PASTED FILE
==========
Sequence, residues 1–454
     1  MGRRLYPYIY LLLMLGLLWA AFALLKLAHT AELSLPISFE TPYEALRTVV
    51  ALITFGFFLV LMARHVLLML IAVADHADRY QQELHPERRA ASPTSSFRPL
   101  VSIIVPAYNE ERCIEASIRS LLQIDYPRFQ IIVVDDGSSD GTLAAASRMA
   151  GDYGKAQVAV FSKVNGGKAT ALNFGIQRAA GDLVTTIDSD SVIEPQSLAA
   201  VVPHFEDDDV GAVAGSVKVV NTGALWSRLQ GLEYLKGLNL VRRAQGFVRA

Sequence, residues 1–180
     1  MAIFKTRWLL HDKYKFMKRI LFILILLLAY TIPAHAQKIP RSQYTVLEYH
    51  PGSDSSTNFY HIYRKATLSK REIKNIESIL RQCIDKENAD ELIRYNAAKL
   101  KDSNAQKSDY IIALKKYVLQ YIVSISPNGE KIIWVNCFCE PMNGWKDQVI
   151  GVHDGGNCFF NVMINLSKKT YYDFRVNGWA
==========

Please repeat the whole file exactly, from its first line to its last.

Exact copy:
Sequence, residues 1–454
     1  MGRRLYPYIY LLLMLGLLWA AFALLKLAHT AELSLPISFE TPYEALRTVV
    51  ALITFGFFLV LMARHVLLML IAVADHADRY QQELHPERRA ASPTSSFRPL
   101  VSIIVPAYNE ERCIEASIRS LLQIDYPRFQ IIVVDDGSSD GTLAAASRMA
   151  GDYGKAQVAV FSKVNGGKAT ALNFGIQRAA GDLVTTIDSD SVIEPQSLAA
   201  VVPHFEDDDV GAVAGSVKVV NTGALWSRLQ GLEYLKGLNL VRRAQGFVRA

Sequence, residues 1–180
     1  MAIFKTRWLL HDKYKFMKRI LFILILLLAY TIPAHAQKIP RSQYTVLEYH
    51  PGSDSSTNFY HIYRKATLSK REIKNIESIL RQCIDKENAD ELIRYNAAKL
   101  KDSNAQKSDY IIALKKYVLQ YIVSISPNGE KIIWVNCFCE PMNGWKDQVI
   151  GVHDGGNCFF NVMINLSKKT YYDFRVNGWA